Biogen Inc’s Alzheimer’s drug, the first new treatment for the memory-robbing disease in nearly 20 years, hit new barriers on Thursday with some large hospitals declining to use it and health insurers delaying a decision while awaiting coverage terms from Medicare. An influential panel of medical experts also voted unanimously that there is no evidence that the drug, Aduhelm, provides a net health benefit to patients.
The 15-0 vote, at a meeting convened by the Institute of Clinical and Economic Review (ICER), followed confirmation from the Cleveland Clinic, one of the country’s best-known health systems, and New York’s Mount Sinai Health System that they had decided not to carry Aduhelm. “The tide turned on Friday when the inspector general investigation was announced,” Dr. Sam Gandy, director of the Mount Sinai Center for Cognitive Health, told Reuters.
The Food and Drug Administration called last week for an independent federal probe into its representatives’ interactions with Biogen. Biogen shares fell nearly 7% on Thursday, closing at $328.16. Guggenheim analyst Yatin Suneja attributed the drop to the decision by the two hospital systems not to use the drug.
In mid-June, the Washington, D.C., Neurology Center said it would not recommend the treatment, which is given as a monthly infusion, for any of its patients due to concerns about efficacy, safety and cost. The FDA approved the drug, also known as aducanumab, in early June despite mixed clinical trial results, citing convincing evidence that Aduhelm can clear amyloid brain plaques and benefit Alzheimer’s patients.
But others have raised questions about whether there is evidence that it slows cognitive decline and assailed its high cost. Biogen, which priced Aduhelm at $56,000 a year, said in a statement on Thursday that clinical data supported the drug’s approval and patients who are denied access should contact the company for help.
ICER has already said the drug is cost effective at no more than $8,400 per year. The group’s review is closely watched by insurers negotiating prices with drugmakers, although its role is not clear in the case of Aduhelm, which is expected to mostly be paid for by Medicare. Chris Leibman, Biogen senior vice president of value and access, said a key factor in Biogen’s pricing was that it expects only a “fraction” of the 1-2 million patients eligible for the drug to eventually be treated with it.
“We do not believe that there is going to be a large number of patients,” he said. INSURERS ON HOLD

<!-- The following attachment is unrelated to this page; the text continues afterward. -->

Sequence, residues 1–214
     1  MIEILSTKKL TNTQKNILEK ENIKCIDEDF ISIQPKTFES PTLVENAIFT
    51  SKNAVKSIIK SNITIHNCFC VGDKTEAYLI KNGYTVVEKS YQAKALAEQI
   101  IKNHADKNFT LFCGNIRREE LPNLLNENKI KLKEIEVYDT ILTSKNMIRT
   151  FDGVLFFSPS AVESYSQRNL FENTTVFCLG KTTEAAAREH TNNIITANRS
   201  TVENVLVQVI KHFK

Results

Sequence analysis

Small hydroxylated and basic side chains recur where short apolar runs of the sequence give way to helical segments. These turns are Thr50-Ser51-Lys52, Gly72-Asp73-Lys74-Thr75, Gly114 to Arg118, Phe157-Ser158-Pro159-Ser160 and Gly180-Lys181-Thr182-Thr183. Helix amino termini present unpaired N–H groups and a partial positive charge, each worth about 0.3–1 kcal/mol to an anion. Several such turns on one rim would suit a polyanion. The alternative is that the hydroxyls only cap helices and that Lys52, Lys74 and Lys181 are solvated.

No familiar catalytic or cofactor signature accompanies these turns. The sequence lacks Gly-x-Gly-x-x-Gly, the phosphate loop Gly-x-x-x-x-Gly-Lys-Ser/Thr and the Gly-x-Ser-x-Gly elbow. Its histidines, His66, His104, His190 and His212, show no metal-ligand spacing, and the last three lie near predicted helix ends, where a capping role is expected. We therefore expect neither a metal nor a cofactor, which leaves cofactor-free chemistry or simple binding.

Insurers representing millions of American enrolled in private Medicare plans said the drug has yet to meet their bar for coverage based on the data. UnitedHealth Group, the largest private insurer offering Medicare Advantage coverage to seniors, on Thursday said it was still reviewing the drug and awaiting input from Medicare.
“This has some way to go before we get to real clarity. So I wouldn’t guide you to expect a very rapid decision-making on this piece,” CEO Andrew Witty said. Humana, the second largest provider of Medicare Advantage plans, also said it has not finalized coverage for Aduhelm as it awaits guidance from the Centers for Medicare and Medicaid Services (CMS).
Several Blue Cross Blue Shield health insurance plans, including those in Michigan, North Carolina and Pennsylvania, have said there is insufficient evidence of Aduhelm’s benefit for patients and they will not provide coverage for the drug. Biogen said in a statement that the several Blues plans’ “characterization of Aduhelm as experimental and investigational is inaccurate and misleading.”
CMS on Monday began a national review process it said would take nine months to complete. Until then, the agency said coverage determinations for aducanumab are being made at the local level by 12 regional contractors. Mark McClellan, director of the Duke-Margolis Center for Health Policy and a former FDA Commissioner and CMS Administrator said during the ICER review that access to Aduhelm will be “pretty limited” at least until CMS finalizes its national coverage terms.
SVB Leerink this week said a survey of 57 U.S. neurologists who treat high volumes of Alzheimer’s patients found that 44% of them would use Aduhelm in patients with early Alzheimer’s disease who have evidence of amyloid plaques. The Wall Street firm estimates sales of the drug at $65 million this year, $1.1 billion next year and $5 billion by 2025.